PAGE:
Whatsoever ye would that men should do to you, do ye even so to them. Matthew 7:12, King James Version.
If yours was a church-going family, you probably memorized this verse about the same time you learned to speak. And if you’re family was hardcore, you probably used the King James version, like did. I love it in the KJV—-It’s the most poetic mission statement a Christian could have.
While this text is arguably the foundation of Christian living, the understanding and application of it are often limited. it is often regarded as merely an ethics of reciprocity, an obvious, rule of thumb to good living—-If you don’t want to be punched in the face, then don’t go punching people in the face, if you like to be forgiven when you mess up, then you forgive those who have, if you want respect, show respect. That sort of living. And, of course, this world would be a much better place if all of us, always, lived by this rule.
But there’s nothing intrinsically Christian or Christ-like about this kind of living. You’ll find this call to considerate living in other religions too. Buddhism says, Hurt not others in ways that you yourself would find hurtful. Confucianism, Do not do to others what you do not want them to do to you. Hinduism, Do not do to others what would cause pain if done to you. You can find many more.
So what makes Matthew 7:12 uniquely a message from Jesus? It’s in the positive spin that Jesus puts on it. While others tell us “Don’t do what you don’t what others to do,” Jesus takes it a step farther and says “Do what you want others to do.” Jesus is saying that it is not enough to refrain from rude, inconsiderate or harmful behavior. He tells us to do good simply because it’s the godly way of living. When He tells us to do what we want other to do, Jesus challenges us to be proactive in our relationships. Even when there is no reason to do good, do good. Give others the preferred treatment you’d like to get for yourself, and do this not because you’ve got something to gain or because you’re making amends; do it to set a trend of gracious Christian living. Be an active agent is making your world a better place.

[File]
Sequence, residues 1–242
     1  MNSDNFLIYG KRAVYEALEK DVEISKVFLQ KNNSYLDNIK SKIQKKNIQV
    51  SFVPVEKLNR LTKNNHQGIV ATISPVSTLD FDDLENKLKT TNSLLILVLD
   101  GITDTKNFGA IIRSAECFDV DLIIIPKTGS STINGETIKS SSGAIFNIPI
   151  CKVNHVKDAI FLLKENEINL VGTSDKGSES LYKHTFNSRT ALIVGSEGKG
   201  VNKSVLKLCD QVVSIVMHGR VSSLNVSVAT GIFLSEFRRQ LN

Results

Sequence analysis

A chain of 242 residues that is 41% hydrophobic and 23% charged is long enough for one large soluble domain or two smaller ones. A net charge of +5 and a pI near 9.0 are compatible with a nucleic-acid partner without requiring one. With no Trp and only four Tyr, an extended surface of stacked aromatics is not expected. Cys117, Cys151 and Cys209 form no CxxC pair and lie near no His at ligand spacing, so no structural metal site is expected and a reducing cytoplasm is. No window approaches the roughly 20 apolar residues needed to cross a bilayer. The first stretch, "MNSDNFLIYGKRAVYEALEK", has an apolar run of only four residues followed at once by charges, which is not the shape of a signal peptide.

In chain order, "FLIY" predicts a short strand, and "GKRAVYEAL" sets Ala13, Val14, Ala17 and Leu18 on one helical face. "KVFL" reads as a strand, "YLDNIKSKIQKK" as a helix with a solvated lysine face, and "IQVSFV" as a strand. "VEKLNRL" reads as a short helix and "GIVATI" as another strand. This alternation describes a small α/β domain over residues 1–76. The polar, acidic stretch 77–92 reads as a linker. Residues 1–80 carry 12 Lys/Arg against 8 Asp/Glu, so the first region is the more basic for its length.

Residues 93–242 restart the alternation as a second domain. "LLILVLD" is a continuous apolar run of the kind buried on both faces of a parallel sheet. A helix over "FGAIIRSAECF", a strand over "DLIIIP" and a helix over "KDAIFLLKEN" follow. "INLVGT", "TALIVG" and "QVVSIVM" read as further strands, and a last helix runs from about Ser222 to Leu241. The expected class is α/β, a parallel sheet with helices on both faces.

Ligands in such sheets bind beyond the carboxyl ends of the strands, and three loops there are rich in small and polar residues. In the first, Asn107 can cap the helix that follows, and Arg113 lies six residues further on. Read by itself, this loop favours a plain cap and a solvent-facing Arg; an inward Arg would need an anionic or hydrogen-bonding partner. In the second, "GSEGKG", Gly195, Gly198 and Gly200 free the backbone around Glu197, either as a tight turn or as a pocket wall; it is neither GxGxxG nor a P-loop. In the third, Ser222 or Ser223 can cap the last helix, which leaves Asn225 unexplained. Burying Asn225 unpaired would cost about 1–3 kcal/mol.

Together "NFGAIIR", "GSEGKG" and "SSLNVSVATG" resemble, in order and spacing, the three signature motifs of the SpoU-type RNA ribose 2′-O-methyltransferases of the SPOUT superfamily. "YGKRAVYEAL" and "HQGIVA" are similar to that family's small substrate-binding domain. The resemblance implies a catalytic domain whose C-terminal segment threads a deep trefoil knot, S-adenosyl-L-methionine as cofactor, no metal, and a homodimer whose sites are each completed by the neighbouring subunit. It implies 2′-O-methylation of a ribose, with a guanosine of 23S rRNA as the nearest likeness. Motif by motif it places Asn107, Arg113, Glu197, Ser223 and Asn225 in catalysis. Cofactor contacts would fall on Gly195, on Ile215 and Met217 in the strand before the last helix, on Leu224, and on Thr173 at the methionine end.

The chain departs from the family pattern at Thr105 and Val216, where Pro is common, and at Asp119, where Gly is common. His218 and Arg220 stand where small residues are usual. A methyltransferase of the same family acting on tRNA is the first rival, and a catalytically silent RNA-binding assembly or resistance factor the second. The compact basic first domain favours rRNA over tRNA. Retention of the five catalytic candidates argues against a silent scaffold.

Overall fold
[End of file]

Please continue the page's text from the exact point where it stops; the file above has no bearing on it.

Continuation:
The Message states it well: Ask yourself what you want people to do for you, then grab the initiative and do it for them. “Grab the initiative”–That’s what Jesus is talking about. It’s not enough to sit back and not be a jerk. We need to get out there and look for opportunities to be Christian.
3 thoughts on “the golden rule: setting a trend of gracious living”
WE must have grace before we can follow God…if He never had rescued this dead sinner I would never have had the will nor the power to follow Him